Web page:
Migration Health

Healthy Migrants in Healthy Communities

donate

Outreach TB services in urban areas of Myanmar

Date Published: 
Tuesday, March 22, 2016

Aye Aye’s native region is the Ayeyrewady Delta in southern Myanmar, where she used to work as a rice paddy field labourer together with her husband. However, the family (they had two children) had no paddy field of their own. These factors, combined with the ongoing economic impacts of the disastrous Cyclone Nargis in 2008, meant Aye Aye and her family were getting further and further into debt.

They didn’t have that many options for making money, either. Migration, particularly to urban areas, is increasingly being seen across the country as a strategy to improve one’s livelihood. So the family decided to move to Yangon to get better job opportunities in whatever way they could. 

Her husband and eldest son found employment as daily labourers in a worksite that produced construction materials, including concrete foundation casts and concrete cases for toilets.

The family lived next to the worksite in a makeshift accommodation. There was a constant presence of cement powder and dust particles. Eventually, the family was able to move to a 48 square foot room in a hostel on the outskirts of Yangon, where the now six members of the family (plus one daughter in law and one month old grandson) all live together.

Although the family does not have a regular income, frequent work as daily labourers enable them to meet their living costs. They are earning on average more than they could make in their native village, so they have chosen to stay in Yangon where at least there is work. 

Aye Aye takes care of her family as best as she can, and sometimes also gets work as a day labourer. Ever since they started living in a shanty next to the concrete works, she has had trouble with her lungs. Living in cramped and crowded conditions like those in the hostel, where 11 of the 12 rooms are full with families, can make transmission of TB easier.

For several months, Aye Aye experienced subtle symptoms such as mild fever, loss of appetite, occasional coughing and weight loss. Although she didn’t feel well, she did not have enough money to go to a local health centre and pay a doctor for diagnosis and medicine. 


The hostel where Aye Aye and her family live. There are 11 migrant families staying in 12 rooms.

In early December 2015, IOM’s TB Active Case Finding Team (known as MORE HEALTHY - Migrant OutREach with Health Education and Access to Lab diagnosis for TB and HIV in Yangon) conducted a mobile clinic session near to Aye Aye’s home on the outskirts of Yangon where many migrants live. She heard about it from the local authorities and was very relieved to learn that the service was free of charge and would be coming to her and thus would be easy to access.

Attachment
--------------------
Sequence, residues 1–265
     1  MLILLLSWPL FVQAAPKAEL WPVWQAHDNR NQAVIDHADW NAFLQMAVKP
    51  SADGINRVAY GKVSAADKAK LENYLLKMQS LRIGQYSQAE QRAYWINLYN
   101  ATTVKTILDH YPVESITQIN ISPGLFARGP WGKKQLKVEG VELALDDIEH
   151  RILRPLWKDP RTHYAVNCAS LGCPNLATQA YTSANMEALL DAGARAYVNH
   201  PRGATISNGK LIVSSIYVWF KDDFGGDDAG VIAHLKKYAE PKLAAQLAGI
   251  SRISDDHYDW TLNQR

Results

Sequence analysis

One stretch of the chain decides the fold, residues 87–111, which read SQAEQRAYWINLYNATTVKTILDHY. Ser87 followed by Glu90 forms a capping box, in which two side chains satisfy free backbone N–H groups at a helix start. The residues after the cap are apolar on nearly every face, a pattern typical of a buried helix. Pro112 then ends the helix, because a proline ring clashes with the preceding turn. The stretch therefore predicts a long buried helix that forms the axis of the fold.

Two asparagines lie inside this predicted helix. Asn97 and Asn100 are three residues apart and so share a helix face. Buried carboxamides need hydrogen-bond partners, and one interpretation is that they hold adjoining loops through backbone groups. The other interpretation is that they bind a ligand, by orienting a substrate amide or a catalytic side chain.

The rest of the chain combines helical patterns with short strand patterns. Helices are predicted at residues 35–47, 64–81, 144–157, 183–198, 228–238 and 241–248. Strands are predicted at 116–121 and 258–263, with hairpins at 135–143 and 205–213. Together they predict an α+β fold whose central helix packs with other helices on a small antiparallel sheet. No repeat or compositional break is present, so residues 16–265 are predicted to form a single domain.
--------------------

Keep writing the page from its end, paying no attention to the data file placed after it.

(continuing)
At the mobile clinic, Aye Aye listened to health education from IOM’s outreach workers. She was seen by an IOM doctor together with local health staff of the Ministry of Health, and had a Digital X-Ray done on the spot, which showed signs consistent with TB. IOM referred her for sputum testing.

They then accompanied her to go to the National TB Program clinic to get medicines and provided counselling and HIV testing as well. With a diagnosis of Pulmonary TB, she now needs to take medicines every day for at least 6 months.

IOM staff have been helping her along the way by providing initial counselling, daily observation of her taking her treatment, regularly checking for any side effects or problems, and encouraging her to attend outpatient appointments as well as other necessary tests. 

 

IOM’s Mobile Active Case Funding Team provides on the spot TB screening including Digital X-Ray 

IOM’s Mobile TB Active Case Finding Bus (MORE HEALTHY BUS– Migrant OutREach with Health Education and Access to Lab diagnosis for TB and HIV in Yangon) conducts mobile activities in areas in and around Yangon with high numbers of migrants

Within a few weeks, her fever had gone and she began feeling better.  Her appetite returned also, and she has been able to get some much needed sleep. It has now been 3 months since she was diagnosed, but she feels like a much younger person. She has been encouraging her family and neighbours to also attend the IOM clinic for screening. Aye Aye has also been providing health education among her friends and family.

IOM Outreach Health Worker visits Aye Aye daily to observe her taking her treatment, check for any side effects, arrange support for follow up appointments and provide support.

IOM works together with National TB Program and local Minsitry of Health Staff to mobilize community for Active Case Funding.